I’m going to say something very unfashionable, but it’s the ONLY thing that has actually helped me with my deadlift as far as pulling with power, consistency, and staying injury free (so far…). To preface this, I just wanna say I garnered this lil ‘setup’ from the book “Becoming a Supple Leopard” by Kelly Starrett. Essentially he states that the placing of your feet is inconsequential when we consider that the utmost important thing is setting up for torsion off the floor by externally rotating our feet. That’s what really changed it for me, is torquing, or twisting the bar off the floor by pushing out extremely hard with the external rotation of my feet. I can’t say you’ll instantly pull more, but the premise of this entire set up is to elicit tons of stabilizer muscles including the huge ass (literally glutes) muscles we wield that hardly ever get utilized in heavy pulls because we’re always in a EFF YEAH GRIP IT ND RIP IT BEEAATCH kind of mind state. It’s really a conservative way to start the pull, but it’s helped me tons.
The second thing goes hand in hand, and I’ve found to be just as important. It’s just internally rotating your arms so that your mid-back is actually enabled for the pull. Very simple, but this elicits a huge chain of effects, like the activation of the scapula, along with a backwards pushing into your shins helping to keep the bar ever more closer as it comes up the legs.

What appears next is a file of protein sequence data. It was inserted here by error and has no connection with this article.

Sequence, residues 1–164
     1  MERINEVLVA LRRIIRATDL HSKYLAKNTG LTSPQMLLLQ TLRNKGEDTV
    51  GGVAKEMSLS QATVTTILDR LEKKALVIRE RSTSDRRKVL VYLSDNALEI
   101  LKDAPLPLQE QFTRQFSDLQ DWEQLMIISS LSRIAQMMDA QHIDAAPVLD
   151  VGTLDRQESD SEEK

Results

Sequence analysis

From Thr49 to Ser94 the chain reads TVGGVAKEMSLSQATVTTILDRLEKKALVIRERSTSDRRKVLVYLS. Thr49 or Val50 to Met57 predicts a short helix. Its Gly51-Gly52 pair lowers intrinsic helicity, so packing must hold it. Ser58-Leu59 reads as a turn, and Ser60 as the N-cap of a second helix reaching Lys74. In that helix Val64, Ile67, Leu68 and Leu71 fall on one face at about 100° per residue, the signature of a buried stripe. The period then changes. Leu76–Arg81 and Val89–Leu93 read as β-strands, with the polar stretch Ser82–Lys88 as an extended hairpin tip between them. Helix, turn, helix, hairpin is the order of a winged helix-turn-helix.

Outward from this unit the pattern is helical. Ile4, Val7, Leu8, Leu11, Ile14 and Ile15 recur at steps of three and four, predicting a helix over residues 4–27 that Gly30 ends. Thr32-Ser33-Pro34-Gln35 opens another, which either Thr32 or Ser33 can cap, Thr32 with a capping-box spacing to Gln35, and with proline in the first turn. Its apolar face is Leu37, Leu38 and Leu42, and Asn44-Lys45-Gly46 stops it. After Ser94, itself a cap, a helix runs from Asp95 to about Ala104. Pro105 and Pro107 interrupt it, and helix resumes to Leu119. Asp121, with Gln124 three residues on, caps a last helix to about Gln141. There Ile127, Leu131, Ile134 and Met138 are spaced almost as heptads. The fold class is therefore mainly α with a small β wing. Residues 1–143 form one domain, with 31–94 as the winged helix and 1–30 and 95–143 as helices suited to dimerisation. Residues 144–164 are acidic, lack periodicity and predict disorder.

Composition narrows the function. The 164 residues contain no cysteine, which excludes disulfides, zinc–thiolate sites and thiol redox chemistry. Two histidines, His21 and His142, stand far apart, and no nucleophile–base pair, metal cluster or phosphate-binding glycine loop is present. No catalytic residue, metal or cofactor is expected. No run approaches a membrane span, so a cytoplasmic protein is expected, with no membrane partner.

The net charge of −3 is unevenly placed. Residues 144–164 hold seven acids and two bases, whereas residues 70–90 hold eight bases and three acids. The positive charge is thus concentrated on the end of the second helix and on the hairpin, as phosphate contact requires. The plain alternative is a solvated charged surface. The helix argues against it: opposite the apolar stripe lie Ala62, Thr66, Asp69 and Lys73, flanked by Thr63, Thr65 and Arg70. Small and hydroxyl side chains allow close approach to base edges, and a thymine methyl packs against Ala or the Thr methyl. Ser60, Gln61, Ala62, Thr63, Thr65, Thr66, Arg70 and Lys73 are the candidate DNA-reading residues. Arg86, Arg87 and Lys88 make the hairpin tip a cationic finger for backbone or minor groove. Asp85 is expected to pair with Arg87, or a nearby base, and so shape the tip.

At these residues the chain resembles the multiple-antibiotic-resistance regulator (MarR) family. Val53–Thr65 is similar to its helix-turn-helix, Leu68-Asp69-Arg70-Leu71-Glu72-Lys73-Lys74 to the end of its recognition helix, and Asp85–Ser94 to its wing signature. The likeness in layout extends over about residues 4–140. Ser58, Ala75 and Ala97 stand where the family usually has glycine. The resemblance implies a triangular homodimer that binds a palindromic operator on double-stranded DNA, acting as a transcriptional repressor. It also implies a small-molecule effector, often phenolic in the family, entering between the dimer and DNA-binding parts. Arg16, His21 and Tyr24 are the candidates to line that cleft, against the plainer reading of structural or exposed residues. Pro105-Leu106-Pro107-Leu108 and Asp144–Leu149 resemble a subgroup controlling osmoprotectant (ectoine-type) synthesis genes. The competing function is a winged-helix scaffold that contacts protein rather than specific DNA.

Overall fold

TL;DR…> In conclusion, we must push out hard against the floor through external rotation of the feet and rotate our arms inward so that we ensure the bar will stay close to our body as it comes up, aswell as enabling our thoracic spine. This can be considered heebity boopity jeebity or whatever, but it’s pretty factual, even if it doesn’t work for you right away. It’s just kind of common sense; torque braces and stabilizes and makes for a sturdy and formidable stronghold. [/quote]
You had me until you said internally rotate the arms.
Internally rotating the arms is going to instantly put you in a weak upper back position causing large rounding of the back.[/quote]
It might be another set of words tbh. I didn’t quote anything on that except my memory. Do I still have you? IT’S SCIENCE HEE-HAW! If you’re about to pull the bar, your elbows would be turned so that they’re pointed directly back to the wall behind you, as opposed to being more towards the walls to your left and right. I know for a fact that’s supportive for thoracic extension, just fumbling with my lack of vocab. [/quote]
Ahh - that’s not internal rotation. Now what you’ve said there i’m jiving with.
Basically trying to bend the bar around you to engage your upper back.[/quote]
Holy crap this works well! I tried it tonight and I was way more upright, I could keep my shoulders behind the bar, I could keep my back flatter, and I was able to use more hip and leg drive as opposed to just using my back. It was awsome. I never thought such a tiny tweak could make such a big difference.